New genetic cause of male reproductive birth defects revealed
Washington: Researchers have defined a previously unrecognized genetic cause for two types of birth defects found in newborn boys.
Lead author Dr. Dolores Lamb, director of the Center for Reproductive Medicine at Baylor, professor and vice chair for research of urology and molecular and cellular biology at Baylor, asid cryptorchidism and hypospadias are among the most common birth defects but the causes are usually unknown.
Cryptorchidism is characterized by the failure of descent of one or both testes into the scrotum during fetal development. In the adult man, the testes produce sperm and the male hormone, testosterone. Hypospadias is the abnormal placement of the opening of the urethra on the penis.
Both birth defects are usually surgically repaired during infancy.
Lamb and colleagues used a method of genome wide screening (essentially a molecular karyotype) called array comparative genomic hybridization to study children with these defects. The method looks specifically at changes in chromosomal regions that have undergone duplication or deletions too small to see under a microscope, termed copy number variations.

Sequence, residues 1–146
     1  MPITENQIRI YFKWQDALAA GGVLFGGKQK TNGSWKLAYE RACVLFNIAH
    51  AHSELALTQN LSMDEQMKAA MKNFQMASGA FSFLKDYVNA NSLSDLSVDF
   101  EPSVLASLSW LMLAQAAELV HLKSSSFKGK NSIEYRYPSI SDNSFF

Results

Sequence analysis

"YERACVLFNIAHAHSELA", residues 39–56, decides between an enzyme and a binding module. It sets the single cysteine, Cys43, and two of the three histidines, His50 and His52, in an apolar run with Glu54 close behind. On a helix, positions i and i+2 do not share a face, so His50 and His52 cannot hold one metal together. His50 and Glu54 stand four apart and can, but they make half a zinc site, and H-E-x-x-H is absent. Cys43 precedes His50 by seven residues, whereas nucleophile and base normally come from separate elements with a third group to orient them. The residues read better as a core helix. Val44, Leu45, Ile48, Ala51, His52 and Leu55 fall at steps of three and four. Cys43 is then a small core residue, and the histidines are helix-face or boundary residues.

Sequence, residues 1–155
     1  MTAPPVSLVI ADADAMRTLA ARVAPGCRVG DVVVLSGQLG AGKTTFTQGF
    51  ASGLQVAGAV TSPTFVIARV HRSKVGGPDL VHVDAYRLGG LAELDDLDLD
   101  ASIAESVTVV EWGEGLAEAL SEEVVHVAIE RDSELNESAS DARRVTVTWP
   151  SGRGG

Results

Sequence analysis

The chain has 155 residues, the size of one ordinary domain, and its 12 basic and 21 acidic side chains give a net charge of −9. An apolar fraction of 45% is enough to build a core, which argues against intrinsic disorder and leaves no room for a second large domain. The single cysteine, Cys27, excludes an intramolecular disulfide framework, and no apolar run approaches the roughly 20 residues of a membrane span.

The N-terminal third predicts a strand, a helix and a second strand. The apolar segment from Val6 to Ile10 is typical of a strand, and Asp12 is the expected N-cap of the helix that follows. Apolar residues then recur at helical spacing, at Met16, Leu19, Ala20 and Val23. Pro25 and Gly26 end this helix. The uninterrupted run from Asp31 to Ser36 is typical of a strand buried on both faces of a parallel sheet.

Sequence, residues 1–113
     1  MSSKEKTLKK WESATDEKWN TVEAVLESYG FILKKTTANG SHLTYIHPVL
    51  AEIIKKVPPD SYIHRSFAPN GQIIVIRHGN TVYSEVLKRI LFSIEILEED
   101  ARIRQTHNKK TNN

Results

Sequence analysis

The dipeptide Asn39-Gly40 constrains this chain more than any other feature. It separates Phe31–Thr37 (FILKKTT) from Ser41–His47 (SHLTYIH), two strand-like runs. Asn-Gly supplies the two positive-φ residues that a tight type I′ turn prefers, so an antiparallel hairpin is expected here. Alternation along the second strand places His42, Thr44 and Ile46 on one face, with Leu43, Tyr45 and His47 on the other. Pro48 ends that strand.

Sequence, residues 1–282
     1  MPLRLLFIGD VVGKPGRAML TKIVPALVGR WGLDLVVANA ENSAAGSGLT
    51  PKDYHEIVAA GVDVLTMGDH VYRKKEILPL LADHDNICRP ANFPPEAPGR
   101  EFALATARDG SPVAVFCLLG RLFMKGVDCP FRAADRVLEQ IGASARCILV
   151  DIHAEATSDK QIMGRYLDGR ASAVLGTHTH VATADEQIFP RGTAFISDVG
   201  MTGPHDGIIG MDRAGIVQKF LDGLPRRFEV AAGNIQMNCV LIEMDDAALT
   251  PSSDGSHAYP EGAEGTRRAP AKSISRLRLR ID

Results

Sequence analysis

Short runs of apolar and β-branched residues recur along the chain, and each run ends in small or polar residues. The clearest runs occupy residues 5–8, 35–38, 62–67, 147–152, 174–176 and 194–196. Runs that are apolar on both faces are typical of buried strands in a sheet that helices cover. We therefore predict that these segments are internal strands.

These genomic changes can alter gene dosage (gene gains or losses) resulting in a change in cell function.
In its analysis, the team showed that the cause of these birth defects in a subset of children with these defects of testis and penile development resulted from a change in the number of copies of a gene, VAMP7.
The role of VAMP7 gene duplication in causing these male birth defects was important because of the type of protein family it belongs to - it is a SNARE (Soluble N-ethylmaleimide-sensitive factor activating protein receptor) protein (a large protein superfamily consisting of more than 60 members in yeast and mammalian cell), Lamb said.
The report has been published in the journal Nature Medicine.